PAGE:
3 Must-Read Pieces on Selma

Monday, January 12, 2015


On Friday night I saw Selma, Ava DuVernay's film that depicts the 1965 Selma-to-Montgomery marches which led to the passage of the Voting Rights Act. 


I cried off all my mascara less than ten minutes into the film.

As I left the theater I knew there was no way I would be able to write a blog post about that movie. There simply are no words to express how powerful it is, no way to describe the impact it had on me.

Fortunately, others have been able to find the words that escape me.

My husband, who is a columnist for The Birmingham News, wrote a compelling piece on why the movie is especially important at such a time as this -- in the wake of Black Live Matters protests and other modern-day civil rights issues.

Birmingham-based blogger Alexis Barton wrote a great review detailing the many reasons you should go see this movie RIGHT NOW, including the fact that DuVernay highlighted the contributions that women made to the movement.

And in his piece for WBHM 90.3 FM, Birmingham's NPR station, Andrew Yeager captured the reactions of Selma residents who saw the movie, some of whom were actually involved in the marches and have the scars to prove it.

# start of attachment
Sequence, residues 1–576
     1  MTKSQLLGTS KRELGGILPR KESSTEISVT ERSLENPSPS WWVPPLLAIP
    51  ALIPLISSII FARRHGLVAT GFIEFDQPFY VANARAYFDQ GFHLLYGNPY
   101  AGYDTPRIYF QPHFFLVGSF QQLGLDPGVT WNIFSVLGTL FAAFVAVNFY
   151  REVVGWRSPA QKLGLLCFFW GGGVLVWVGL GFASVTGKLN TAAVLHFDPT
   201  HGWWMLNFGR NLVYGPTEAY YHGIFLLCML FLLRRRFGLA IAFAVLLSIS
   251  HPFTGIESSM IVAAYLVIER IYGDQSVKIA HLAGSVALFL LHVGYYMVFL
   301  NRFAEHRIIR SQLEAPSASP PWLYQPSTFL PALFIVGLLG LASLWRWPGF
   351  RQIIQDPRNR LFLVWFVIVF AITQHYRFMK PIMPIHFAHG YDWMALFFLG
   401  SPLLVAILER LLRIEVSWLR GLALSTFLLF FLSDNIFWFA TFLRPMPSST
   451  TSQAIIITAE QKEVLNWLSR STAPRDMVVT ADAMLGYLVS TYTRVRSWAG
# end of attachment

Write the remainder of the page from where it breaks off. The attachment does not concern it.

I am disappointed that some people are attempting to discount the movie due to "historical inaccuracies" such as President Lyndon B.  Johnson's portrayal and the exaggerated tensions between President Johnson and King.  First, as my husband states in his article, the movie is a drama not a documentary. Second, as Barton writes, "I don’t hear these arguments around films or television shows like Gone with the Wind or Mad Men, pieces of pure fiction which also play fast and loose with historical characterizations." And finally, such complaints completely draw attention away from the true message and purpose of the movie.

This is not President Johnson's story!

This is the story of the men and women who put their lives on the line for a right that many of us today take for granted. This is a story about the courage and dignity of a people determined to no longer be treated as second-class citizens.

And this is a story that everyone should see.

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